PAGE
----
Arenui Anderson looks forward to every Thursday.
That’s when he can meet with his friends in Understanding Same Gender Attraction, the unofficial group for LGBT students at Brigham Young University in Provo, Utah.
“It really is helpful,” the 19-year-old tells Out. “I probably wouldn’t be in the place I’m in now if it wasn’t for that group.”
Anderson, who is gay, seeks out the fellowship of other gay and lesbian students because of the restrictions his school places on “homosexual behavior.” Brigham Young is a private, nonprofit college financially supported by the Church of Jesus Christ of Latter Day Saints. The school’s Honor Code forbids “all forms of physical intimacy that give expression to homosexual feelings.” Violations can lead up to expulsion.
“I’m very affectionate with my friends,” he says. “But every time I hug someone, in the back of my mind, there’s always something nagging at me. Like, ‘Oh, they’re going to be watching.’ It is really stressful.”
Anderson isn’t alone. Religiously affiliated colleges and universities often rank as the worst for LGBT students to attend. Brigham Young recently ranked on Campus Pride’s Shame List of “the absolute worst campuses for LGBTQ youth.” The school has also faced scathing backlash over the mishandling of sexual abuse on campus, according to a report by The Salt Lake Tribune, and may lose a bid to join the Big 12 athletic conference because of outcry from LGBT and rape survivor groups.
Yet every fall, LGBT students—whether out or not—still show up on these campuses, purchase textbooks, and enroll in classes. They continue their lives like any other American college student. The reactions from the outside LGBT community vary from confusion to outright derision.
“It’s disheartening when people come in and say I shouldn’t be here,” Anderson says. “It’s a black-and-white thing for them. They assume, ‘Oh, you’re gay, so you shouldn’t go to this school.’ It’s not that simple.”
When asking why attend a religious university, LGBT students might be expected to say they attend because of their strong connection to the church or the expectation of their families.
But that’s not the biggest motivation.
“It’s really affordable to get a really good education,” says KC Clark, an economics freshman at Brigham Young. “I don’t want to be drowning in student my entire life.”
Clark, who is lesbian, started during the summer term and returned last week for the fall term.
“I don’t want to give up,” she says. “This is hard, and it’s never going to stop being hard. I figure, I’ve already lived through the worst of it. In the end, the good education will be worth everything.”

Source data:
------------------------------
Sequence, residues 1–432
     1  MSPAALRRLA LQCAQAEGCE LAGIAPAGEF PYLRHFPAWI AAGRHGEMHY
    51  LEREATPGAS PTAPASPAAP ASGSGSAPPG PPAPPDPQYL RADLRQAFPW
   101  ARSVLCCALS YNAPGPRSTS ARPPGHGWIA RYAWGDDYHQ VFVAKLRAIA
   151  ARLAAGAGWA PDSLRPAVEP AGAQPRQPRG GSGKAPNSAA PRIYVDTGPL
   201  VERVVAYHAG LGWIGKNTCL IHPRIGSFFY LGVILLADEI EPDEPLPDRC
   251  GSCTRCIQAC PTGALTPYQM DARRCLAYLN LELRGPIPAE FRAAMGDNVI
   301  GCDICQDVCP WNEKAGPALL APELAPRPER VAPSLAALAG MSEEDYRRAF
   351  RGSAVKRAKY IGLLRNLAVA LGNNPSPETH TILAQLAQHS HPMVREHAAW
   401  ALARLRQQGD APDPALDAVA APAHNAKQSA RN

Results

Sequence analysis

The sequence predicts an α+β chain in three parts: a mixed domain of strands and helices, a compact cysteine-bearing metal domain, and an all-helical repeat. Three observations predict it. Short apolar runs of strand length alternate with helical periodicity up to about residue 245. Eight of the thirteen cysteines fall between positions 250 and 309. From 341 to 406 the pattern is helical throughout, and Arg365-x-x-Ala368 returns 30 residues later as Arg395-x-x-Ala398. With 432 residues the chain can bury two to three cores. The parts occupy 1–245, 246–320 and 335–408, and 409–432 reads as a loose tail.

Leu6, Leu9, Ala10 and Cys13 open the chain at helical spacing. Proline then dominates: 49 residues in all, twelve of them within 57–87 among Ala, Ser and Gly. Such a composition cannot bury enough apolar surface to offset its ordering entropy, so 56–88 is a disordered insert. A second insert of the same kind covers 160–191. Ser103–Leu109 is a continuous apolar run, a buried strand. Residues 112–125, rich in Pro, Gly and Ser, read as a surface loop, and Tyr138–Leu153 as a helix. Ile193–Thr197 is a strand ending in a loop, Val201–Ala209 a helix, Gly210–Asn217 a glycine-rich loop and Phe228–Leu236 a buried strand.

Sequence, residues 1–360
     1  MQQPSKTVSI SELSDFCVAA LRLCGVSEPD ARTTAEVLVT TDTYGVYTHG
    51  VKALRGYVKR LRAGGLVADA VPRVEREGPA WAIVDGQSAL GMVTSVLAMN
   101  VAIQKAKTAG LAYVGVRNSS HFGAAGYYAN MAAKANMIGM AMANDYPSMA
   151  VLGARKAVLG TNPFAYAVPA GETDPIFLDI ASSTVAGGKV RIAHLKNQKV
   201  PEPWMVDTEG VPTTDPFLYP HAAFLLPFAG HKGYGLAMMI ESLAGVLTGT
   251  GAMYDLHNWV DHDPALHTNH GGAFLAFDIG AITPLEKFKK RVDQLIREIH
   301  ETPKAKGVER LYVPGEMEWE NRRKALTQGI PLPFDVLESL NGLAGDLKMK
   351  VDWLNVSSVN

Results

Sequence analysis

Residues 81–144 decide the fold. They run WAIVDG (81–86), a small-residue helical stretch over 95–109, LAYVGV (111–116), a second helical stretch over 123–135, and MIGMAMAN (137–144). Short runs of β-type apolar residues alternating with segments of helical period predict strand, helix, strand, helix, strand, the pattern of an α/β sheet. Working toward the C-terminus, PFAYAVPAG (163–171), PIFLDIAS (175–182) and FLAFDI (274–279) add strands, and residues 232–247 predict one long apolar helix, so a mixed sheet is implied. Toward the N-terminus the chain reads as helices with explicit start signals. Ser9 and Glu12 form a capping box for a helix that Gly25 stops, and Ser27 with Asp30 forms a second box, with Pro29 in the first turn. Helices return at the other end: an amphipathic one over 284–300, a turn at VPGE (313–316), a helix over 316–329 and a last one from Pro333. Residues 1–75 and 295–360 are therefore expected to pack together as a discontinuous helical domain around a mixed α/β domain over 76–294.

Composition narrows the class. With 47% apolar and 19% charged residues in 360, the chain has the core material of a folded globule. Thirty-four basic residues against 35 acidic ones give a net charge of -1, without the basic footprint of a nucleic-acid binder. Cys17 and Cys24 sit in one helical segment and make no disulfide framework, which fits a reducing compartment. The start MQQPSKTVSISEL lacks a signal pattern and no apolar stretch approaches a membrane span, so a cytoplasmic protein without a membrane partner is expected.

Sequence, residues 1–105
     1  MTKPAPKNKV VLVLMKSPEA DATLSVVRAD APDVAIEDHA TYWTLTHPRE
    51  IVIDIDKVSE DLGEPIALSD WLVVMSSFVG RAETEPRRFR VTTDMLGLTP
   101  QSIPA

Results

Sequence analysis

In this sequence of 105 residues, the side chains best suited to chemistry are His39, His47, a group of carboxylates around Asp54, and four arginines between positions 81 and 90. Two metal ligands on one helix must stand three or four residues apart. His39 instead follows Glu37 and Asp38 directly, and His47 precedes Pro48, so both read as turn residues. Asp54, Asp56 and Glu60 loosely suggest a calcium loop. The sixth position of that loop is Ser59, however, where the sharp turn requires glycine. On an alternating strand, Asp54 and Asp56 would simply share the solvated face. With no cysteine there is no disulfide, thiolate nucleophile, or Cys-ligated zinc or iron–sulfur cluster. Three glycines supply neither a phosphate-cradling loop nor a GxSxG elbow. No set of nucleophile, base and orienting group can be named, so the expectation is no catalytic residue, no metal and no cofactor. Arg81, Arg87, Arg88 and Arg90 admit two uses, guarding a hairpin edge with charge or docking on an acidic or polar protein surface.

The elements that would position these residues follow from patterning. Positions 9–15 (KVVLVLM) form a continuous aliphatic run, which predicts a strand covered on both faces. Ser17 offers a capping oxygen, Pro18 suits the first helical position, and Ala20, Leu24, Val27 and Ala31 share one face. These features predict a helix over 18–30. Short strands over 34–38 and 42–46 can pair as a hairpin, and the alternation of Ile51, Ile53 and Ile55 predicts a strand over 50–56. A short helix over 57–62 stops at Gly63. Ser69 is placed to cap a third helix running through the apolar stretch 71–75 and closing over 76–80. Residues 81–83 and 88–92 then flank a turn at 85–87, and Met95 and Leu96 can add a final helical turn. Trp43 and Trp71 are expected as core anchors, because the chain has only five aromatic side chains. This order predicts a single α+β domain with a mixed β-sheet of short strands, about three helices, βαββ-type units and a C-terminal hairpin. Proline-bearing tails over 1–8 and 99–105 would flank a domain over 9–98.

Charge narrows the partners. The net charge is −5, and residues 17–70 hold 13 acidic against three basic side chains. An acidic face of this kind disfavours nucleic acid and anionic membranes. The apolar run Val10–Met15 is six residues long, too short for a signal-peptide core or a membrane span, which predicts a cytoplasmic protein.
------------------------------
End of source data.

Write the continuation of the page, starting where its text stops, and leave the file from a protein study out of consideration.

While colleges and universities vary widely in cost, the best schools for LGBT students are also the most financially inaccessible. In Utah, Brigham Young students are charged two different tuition rates depending on their membership in the Mormon church (60 percent of Utahns are members). In 2016-17, Brigham Young’s Mormon students can expect to pay $5,300 in tuition—cheaper than the $7,680 in-state tuition at the University of Utah and the $6,864 in-state tuition at Utah State University.
“The decision to attend was a very financial decision for me,” Anderson says. “I got into two or three other schools—even one that Campus Pride listed as the top 30. But BYU has great programs that are affordable. And I earned this spot. I don’t want to give it up, but at the same time, I don’t want to suppress one part of me because the rules say so. I just didn’t want to put a financial burden on my family.”
Anderson takes a breath. “Money shouldn’t play such a big role—but it does.”
LGBT students also attend and stay at religious schools hoping to change how their faith talks about sexual orientation and gender identity.
“People ask me if I would still be in church after I graduated, and I think so,” Clark says. “There are still a lot of great things about the church. If I left, I feel like I would be giving up. Mormon and gay seem like two opposites. But we can exist. I’m hoping my sexuality can educate other people here who have never left Utah or never experienced anything else.”
Anderson says that he’s often surprised when participating on USGA panels, where he talks to Brigham Young students about his sexual identity.
“People aren’t attacking me,” he says. “Occasionally, they ask some off questions. Overall, it isn’t bad. There’s a big mix of opinions, and they just want to understand.”
However, trading affordability and the chance to educate others for living openly is still hard for bright, young students. Clark starts the new term determined, but still frustrated.
“You see couples everywhere,” she says. “I can’t even shake hands without being afraid. I’m not bothered by it necessarily. I just know I can’t take part in that.”
For more information on how your school ranks for LGBT students or for scholarship information, visit CampusPrideIndex.org.